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Who Owns The Water Above and Below ?

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posted on Sep, 7 2018 @ 08:35 PM
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originally posted by: Groot

originally posted by: Specimen
Kids cant even have lemonade stands no more without pretty much having a swat team breaking it down pretty much.

Hell, they are pretty much trying to use the residential carbon tax for breathing, which they could of made legit years ago when the economy was booming and denied any idea of climate change for years...which does nothing for the environment at all!


I totally agree.

America is free !

Right......





Free Market more or less, but drinking water and toiletry is a neccessity, but a pool, or washing a whole bunch cars, or hour long hot showers is really pushing it.




posted on Sep, 7 2018 @ 08:57 PM
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a reply to: BrianFlanders

Actually here in the US the population per acre is very low. There are no crowding or natural resources availability issues here. Plenty to go around, just problems with the people making the decisions and abuses by industry and other users like farms.

You think it's OK if a farmer or industry, just goes ahead and sucks all they want from wells without regard for others, lowering the aquifer so the neighboring farms or communities have no water, its OK or fair? I don't think you understand the topic here. You should read what I linked and there is plenty more info on it if you just do a search.

You have to regulate that. It's just common sense and rational.

I'm not into the Chinese idea of regulating how many children you can have. You are for that kind of regulation though?

Many of the water issues are caused by stupidity prior to modern regulations. For instance Los Angeles and Southern California. The water never existed there so they deplete other areas water. Las Vegas may be fun, but developing that where there is no water was pretty stupid.

There is no water shortage anyway. We know how to desalinate. Costs go up but its easy to do. Coastal cities in water short areas should have switched to desalination plants years ago, but it's cheaper to reroute it from somewhere else.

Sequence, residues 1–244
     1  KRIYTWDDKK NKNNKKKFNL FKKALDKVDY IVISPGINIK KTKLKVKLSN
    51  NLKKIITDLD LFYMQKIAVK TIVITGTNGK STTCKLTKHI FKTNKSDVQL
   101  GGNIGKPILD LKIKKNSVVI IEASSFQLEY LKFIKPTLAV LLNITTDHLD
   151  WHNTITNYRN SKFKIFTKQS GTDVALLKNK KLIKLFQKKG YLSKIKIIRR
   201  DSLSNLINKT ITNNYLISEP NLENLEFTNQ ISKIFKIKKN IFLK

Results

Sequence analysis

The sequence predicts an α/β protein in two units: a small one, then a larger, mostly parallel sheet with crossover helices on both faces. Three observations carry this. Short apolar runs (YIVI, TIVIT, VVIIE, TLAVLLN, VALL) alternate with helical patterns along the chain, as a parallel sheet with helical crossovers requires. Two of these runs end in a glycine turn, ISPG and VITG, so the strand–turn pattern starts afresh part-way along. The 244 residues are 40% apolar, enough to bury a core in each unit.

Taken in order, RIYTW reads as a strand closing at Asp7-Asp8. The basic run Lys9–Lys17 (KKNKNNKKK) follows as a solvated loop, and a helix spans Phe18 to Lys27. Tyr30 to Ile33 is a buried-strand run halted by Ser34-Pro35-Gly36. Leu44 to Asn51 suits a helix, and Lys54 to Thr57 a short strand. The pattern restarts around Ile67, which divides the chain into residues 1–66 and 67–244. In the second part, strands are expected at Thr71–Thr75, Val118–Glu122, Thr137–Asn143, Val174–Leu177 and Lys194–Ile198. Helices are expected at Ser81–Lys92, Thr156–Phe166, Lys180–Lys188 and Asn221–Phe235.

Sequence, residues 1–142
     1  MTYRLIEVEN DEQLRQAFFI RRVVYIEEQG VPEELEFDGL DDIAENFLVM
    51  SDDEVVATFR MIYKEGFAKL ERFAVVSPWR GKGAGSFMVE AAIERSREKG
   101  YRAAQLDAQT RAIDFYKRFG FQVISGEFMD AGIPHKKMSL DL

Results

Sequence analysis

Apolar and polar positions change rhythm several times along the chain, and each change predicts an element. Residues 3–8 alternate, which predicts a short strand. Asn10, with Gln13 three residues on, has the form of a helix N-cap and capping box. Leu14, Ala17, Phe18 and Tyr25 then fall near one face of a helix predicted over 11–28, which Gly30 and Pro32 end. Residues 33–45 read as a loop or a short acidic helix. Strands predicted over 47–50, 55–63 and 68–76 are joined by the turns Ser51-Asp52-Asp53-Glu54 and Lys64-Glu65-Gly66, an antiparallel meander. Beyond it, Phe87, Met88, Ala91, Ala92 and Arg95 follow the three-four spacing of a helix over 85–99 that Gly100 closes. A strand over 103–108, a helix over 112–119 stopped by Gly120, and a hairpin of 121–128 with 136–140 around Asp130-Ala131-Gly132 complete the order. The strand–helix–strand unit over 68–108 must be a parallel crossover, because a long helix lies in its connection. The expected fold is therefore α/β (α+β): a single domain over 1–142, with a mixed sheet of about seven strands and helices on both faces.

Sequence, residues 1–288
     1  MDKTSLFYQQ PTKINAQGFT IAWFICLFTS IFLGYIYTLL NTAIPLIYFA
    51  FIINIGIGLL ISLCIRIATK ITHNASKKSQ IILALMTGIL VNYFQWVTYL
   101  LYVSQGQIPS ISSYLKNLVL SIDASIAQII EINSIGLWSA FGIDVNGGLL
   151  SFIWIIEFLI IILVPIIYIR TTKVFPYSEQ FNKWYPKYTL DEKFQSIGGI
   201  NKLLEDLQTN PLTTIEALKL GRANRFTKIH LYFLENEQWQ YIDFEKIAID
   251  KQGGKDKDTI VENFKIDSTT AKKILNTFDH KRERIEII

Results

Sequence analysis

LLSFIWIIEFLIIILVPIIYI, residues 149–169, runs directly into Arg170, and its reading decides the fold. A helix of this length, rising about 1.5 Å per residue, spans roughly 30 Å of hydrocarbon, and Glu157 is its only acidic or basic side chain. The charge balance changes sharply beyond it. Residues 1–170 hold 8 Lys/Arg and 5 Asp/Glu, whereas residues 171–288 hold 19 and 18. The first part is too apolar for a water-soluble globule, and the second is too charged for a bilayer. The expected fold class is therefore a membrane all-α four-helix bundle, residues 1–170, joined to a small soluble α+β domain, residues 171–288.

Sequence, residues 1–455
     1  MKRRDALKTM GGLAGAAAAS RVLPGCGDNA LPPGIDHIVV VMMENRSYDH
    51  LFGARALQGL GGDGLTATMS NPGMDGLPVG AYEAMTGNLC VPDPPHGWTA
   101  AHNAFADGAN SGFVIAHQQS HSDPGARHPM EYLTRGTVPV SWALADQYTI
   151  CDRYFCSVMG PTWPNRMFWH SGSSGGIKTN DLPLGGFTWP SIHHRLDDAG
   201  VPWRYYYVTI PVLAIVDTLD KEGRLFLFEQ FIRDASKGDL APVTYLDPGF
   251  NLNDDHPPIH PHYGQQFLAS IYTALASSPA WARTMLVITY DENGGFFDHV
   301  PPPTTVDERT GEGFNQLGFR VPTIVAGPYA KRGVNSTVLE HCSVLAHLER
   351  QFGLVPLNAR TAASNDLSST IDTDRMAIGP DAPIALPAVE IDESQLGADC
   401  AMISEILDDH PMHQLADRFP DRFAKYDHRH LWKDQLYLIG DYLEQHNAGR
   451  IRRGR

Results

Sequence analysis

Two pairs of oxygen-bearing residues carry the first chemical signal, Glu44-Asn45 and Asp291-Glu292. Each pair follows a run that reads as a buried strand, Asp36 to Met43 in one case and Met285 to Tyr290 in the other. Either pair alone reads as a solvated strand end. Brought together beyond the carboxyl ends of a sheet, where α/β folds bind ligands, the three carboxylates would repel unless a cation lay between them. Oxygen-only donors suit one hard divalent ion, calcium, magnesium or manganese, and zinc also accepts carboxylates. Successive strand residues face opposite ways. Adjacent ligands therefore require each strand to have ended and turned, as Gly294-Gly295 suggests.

edit on 9/7/2018 by Blaine91555 because: (no reason given)



posted on Sep, 7 2018 @ 09:04 PM
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a reply to: norhoc

When greed rules our world, these things happen. Yes very sad.



posted on Sep, 7 2018 @ 09:06 PM
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originally posted by: Blaine91555
a reply to: BrianFlanders

Actually here in the US the population per acre is very low. There are no crowding or natural resources availability issues here. Plenty to go around, just problems with the people making the decisions and abuses by industry and other users like farms.


That really depends on where you live. If you were born in a populous city, you were born into the slavery of the system that allows people to live beyond nature's limits.


You think it's OK if a farmer or industry, just goes ahead and sucks all they want from wells without regard for others, lowering the aquifer so the neighboring farms or communities have no water, its OK or fair?


Nature isn't fair. Nothing is OK (or not) in reality. It's all in our heads. If the land you sit on can only support ten people without taking a thing from anywhere else and you deliberately reproduce and turn your population into 20 on the same land, you can't really complain because you already knew you were going to break the balance. And I know this has already been done. And now we're all bickering over the circumstances we were born into and the resources that we have to work with.


You have to regulate that. It's just common sense and rational.


I'm not arguing with that. I just think we should start at the root of the problem and ignore the leaves. If you live in an area that has an artificial life support system that is designed to support exponentially more people than that land would otherwise support, you're playing with fire.

All the farms and so forth are there to support a population that is far bigger than it should be. And therefore, the farms are critical systems that can't fail. Ever.

edit on 7-9-2018 by BrianFlanders because: (no reason given)



posted on Sep, 7 2018 @ 09:23 PM
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a reply to: BrianFlanders

No cities, no customers for farms, no income for farms, no farms.

Are you saying you want to go back to hunter gatherers? Learn how and move up here.

Some like cities, I do not, some like isolation, I do not, some like small communities, I do also. We all have the right to chose. Isn't it wonderful.